Brett Aggregates working on major London redevelopment project
Construction materials firm to supply recycled materials to regeneration of Battersea Power Station
BRETT Aggregates are playing a key part in one of London’s most spectacular development projects – the restoration and regeneration of Battersea Power Station – that will see the iconic Grade II listed building and its surroundings transformed into a new residential area comprising over two million sq ft of retail/leisure outlets, offices, homes, cultural venues and 18 acres of public space.
Brett are working in close collaboration with the McGee Group, one of the contractors on the Battersea Power Station site given the task to excavate 400,000 tonnes of materials and to build a huge basement area.
All excavated material is transported by McGee to Brett’s Hithermoor facility in west London, where it is crushed and screened to produce recycled aggregates ready for use in the redevelopment project. The two companies are working together to ensure that this process is achieved with maximum efficiency and as few truck movements as possible in order to reduce their carbon footprint.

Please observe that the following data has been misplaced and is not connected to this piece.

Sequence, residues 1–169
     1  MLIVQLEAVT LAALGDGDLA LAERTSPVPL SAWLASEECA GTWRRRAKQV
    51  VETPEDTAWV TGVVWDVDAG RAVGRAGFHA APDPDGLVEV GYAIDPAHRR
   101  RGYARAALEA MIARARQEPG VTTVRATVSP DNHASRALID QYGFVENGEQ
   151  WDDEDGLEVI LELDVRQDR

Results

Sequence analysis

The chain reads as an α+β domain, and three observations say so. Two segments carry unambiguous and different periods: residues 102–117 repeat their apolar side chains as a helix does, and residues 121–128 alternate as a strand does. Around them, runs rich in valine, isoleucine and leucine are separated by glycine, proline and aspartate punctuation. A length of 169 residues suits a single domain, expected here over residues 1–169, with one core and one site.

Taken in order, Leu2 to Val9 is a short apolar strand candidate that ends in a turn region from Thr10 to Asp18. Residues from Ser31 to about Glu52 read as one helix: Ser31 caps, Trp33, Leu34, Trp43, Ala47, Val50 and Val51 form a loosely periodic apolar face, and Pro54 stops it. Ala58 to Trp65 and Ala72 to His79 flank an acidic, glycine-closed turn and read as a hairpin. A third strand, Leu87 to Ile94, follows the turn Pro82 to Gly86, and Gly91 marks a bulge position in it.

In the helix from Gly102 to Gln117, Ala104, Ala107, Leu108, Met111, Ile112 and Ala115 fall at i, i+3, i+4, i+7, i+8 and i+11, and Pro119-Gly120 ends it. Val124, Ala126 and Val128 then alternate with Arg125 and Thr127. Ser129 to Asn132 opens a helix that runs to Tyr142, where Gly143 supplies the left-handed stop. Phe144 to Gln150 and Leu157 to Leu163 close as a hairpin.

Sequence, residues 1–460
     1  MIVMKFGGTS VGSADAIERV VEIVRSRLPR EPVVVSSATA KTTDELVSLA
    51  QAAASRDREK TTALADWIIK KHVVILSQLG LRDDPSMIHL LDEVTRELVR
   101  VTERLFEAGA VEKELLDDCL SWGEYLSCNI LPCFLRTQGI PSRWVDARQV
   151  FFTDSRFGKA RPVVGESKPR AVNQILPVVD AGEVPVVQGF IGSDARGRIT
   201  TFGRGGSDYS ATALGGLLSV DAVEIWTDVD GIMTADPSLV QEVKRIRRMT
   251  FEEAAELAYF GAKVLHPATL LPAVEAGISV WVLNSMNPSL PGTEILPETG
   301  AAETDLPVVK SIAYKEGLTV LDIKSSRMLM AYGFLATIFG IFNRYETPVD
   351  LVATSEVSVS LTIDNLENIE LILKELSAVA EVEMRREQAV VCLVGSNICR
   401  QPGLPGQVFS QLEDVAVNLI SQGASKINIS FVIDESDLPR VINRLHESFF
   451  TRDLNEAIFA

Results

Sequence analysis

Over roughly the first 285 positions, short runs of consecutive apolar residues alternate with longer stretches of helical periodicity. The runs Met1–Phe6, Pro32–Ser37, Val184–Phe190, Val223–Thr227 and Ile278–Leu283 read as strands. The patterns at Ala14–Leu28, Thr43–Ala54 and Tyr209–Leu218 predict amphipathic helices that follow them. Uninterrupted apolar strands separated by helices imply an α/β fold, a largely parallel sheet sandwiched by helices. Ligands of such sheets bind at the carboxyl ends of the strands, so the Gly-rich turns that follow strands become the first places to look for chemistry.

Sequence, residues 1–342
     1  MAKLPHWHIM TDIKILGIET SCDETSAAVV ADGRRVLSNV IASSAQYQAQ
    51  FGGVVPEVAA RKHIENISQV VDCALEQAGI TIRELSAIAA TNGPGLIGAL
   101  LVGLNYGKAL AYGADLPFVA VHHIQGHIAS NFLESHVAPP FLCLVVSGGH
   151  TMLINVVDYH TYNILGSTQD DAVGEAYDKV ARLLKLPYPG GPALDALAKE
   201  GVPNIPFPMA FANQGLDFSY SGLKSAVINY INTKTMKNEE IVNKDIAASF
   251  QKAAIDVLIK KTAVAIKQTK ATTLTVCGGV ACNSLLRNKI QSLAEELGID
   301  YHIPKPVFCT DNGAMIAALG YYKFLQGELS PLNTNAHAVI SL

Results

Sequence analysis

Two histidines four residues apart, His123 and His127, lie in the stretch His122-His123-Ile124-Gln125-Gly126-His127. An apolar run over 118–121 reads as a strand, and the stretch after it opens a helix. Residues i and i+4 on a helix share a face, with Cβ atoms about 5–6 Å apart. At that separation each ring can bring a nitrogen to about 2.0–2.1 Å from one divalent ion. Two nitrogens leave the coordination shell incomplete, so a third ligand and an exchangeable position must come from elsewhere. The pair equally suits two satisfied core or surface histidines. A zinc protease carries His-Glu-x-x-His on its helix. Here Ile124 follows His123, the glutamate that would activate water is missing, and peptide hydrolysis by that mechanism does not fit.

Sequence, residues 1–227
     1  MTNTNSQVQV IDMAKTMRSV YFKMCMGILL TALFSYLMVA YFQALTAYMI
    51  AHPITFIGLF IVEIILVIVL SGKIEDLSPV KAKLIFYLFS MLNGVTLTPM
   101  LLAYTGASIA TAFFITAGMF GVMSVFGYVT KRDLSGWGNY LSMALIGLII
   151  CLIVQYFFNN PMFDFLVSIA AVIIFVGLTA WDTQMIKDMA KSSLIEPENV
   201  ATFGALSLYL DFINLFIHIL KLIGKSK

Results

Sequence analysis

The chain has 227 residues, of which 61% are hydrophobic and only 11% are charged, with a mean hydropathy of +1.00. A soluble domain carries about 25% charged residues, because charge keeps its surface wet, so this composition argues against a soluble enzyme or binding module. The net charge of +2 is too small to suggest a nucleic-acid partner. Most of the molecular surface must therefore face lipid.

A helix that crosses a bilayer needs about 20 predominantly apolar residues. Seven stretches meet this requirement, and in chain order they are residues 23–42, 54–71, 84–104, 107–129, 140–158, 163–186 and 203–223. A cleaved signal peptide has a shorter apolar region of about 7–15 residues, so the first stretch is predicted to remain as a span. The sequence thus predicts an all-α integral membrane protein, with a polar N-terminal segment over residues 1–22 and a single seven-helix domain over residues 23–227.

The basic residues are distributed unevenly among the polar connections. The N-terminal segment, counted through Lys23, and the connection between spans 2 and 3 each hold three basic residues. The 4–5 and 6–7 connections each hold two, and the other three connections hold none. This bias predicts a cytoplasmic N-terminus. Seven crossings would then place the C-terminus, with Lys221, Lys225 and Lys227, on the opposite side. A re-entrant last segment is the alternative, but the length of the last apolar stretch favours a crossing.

Phil Moroney, transport & landfill manager at McGee Group, commented: ‘We have developed a strong relationship with Brett over the years, working in close collaboration to deliver effective solutions at a number of prestigious contracts in London, including: Wimbledon Tennis; Heathrow Airport; and more recently Battersea Power Station.
‘It is important for McGee to minimize the amount of material sent to landfill and to run our lorries efficiently. Close collaboration with Brett has allowed us to maximize the amount of material that can be recycled and back-load trucks to the site which delivers efficient transportation.’
Daniel Haw, sales manager (London and Home Counties) for Brett Aggregates, added: ‘This really is a win-win situation with both parties benefitting from working together. We have achieved notable transport efficiencies, saving costs and helping to reduce the carbon footprint of this landmark project as a whole.’